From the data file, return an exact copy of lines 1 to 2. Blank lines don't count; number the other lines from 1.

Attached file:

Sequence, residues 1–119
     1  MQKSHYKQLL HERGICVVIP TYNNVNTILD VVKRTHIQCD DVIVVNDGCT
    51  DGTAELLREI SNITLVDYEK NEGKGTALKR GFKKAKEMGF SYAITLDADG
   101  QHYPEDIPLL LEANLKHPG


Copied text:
Sequence, residues 1–119
     1  MQKSHYKQLL HERGICVVIP TYNNVNTILD VVKRTHIQCD DVIVVNDGCT